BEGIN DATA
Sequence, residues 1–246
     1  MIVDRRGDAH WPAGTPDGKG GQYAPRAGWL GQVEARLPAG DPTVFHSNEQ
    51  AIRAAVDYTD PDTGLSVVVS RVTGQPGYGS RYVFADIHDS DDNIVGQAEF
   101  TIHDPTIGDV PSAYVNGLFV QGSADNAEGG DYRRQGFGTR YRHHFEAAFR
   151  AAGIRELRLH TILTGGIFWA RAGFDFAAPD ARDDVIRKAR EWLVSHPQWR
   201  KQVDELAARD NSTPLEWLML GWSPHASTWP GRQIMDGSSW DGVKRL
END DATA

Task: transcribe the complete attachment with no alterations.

Sequence, residues 1–246
     1  MIVDRRGDAH WPAGTPDGKG GQYAPRAGWL GQVEARLPAG DPTVFHSNEQ
    51  AIRAAVDYTD PDTGLSVVVS RVTGQPGYGS RYVFADIHDS DDNIVGQAEF
   101  TIHDPTIGDV PSAYVNGLFV QGSADNAEGG DYRRQGFGTR YRHHFEAAFR
   151  AAGIRELRLH TILTGGIFWA RAGFDFAAPD ARDDVIRKAR EWLVSHPQWR
   201  KQVDELAARD NSTPLEWLML GWSPHASTWP GRQIMDGSSW DGVKRL